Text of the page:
FIN REVIEW: Girls of Meru a poignant, difficult documentary

Andrea Dorfman’s film about the quest for children’s rights and changes to sexual violence investigations in Meru, Africa is a difficult watch, but worth the investment.

Dorfman spent five years following the struggle of children, families and advocates for them in an area where money talks and law is wild.

With a police force that works on a bribe system in an area where families of victims have little cash to spare, corruption is rampant.

Coupled with improper training in sexual crimes, the children — girls specifically — in Meru have few options when it comes to receiving love, care, protection and justice.

But Dorfman follows a multinational team, including Canadian lawyer Fiona Sampson and Mercy Chidi Baidoo as they try to make change.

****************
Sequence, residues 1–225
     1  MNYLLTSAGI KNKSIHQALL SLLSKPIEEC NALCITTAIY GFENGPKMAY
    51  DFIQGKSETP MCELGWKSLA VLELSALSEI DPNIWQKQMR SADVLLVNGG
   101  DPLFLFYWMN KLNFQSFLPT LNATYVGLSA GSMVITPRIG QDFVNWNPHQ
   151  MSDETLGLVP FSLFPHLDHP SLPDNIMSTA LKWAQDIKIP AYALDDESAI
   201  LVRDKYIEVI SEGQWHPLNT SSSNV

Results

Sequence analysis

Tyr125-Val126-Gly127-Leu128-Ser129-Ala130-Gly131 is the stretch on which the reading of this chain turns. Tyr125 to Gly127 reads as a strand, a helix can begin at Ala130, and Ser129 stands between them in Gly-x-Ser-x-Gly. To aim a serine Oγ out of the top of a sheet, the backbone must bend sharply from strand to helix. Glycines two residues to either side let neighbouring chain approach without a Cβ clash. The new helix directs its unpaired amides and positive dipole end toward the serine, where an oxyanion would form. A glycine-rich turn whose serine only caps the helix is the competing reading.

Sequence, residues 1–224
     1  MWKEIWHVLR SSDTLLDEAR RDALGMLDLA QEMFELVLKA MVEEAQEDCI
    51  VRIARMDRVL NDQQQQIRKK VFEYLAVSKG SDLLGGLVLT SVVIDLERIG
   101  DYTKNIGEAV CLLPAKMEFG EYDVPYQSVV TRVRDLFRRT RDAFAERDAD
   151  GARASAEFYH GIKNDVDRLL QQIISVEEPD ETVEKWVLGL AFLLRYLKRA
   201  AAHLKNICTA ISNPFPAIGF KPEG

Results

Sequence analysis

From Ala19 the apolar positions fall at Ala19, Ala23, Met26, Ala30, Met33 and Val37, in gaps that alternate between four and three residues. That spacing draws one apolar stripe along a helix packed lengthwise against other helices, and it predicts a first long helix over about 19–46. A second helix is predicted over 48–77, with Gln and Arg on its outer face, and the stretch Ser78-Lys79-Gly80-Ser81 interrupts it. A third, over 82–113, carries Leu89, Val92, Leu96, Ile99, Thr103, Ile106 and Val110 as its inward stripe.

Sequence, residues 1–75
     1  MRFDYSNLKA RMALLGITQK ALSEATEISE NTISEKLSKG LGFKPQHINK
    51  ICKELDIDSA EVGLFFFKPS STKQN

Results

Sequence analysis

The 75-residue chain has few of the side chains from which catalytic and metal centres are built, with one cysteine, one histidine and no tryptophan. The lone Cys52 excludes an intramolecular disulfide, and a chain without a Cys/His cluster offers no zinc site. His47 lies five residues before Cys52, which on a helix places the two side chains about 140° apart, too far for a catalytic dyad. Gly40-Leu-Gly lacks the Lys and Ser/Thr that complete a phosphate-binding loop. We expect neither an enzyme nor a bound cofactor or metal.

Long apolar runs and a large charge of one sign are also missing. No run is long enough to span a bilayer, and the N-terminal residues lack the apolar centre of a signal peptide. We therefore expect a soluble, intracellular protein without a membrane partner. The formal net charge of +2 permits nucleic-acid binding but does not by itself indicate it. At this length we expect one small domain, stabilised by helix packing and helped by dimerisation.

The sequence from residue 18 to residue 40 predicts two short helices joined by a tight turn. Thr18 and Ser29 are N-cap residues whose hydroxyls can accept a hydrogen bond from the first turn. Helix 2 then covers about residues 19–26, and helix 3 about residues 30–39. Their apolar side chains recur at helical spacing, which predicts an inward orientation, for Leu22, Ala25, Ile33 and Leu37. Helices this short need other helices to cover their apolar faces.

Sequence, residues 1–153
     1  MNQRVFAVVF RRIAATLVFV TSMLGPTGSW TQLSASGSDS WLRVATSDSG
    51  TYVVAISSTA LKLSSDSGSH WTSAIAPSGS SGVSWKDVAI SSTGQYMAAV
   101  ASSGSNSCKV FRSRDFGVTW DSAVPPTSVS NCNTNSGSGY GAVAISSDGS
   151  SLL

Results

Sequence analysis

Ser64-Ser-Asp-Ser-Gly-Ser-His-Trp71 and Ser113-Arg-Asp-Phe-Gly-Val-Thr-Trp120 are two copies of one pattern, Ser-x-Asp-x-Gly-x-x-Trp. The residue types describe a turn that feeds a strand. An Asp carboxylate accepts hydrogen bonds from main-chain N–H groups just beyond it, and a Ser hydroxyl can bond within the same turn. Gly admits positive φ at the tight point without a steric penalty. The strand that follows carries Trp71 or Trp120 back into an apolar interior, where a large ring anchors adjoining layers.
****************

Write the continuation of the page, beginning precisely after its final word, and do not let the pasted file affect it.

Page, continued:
Baidoo runs a safe haven for girls, a blocked off shelter called Tumaini, and helps put together a case with 11 young plantiffs to create new laws and order for those affected by sexual violence and rape.

This is a difficult — and uplifting — film that can be incredibly hard to watch, but the subject matter is so incredibly important.

Consider this one of my favourites — and one of the most necessary — films of FIN.

4.5/5 Stars

 

 

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